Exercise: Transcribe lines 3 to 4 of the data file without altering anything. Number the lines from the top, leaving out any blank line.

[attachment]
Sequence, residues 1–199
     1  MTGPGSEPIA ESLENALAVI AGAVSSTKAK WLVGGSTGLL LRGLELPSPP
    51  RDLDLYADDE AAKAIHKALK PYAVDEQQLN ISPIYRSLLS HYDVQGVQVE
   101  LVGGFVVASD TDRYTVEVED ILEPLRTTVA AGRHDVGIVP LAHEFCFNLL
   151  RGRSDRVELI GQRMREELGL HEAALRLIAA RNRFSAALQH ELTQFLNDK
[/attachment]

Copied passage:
    51  RDLDLYADDE AAKAIHKALK PYAVDEQQLN ISPIYRSLLS HYDVQGVQVE
   101  LVGGFVVASD TDRYTVEVED ILEPLRTTVA AGRHDVGIVP LAHEFCFNLL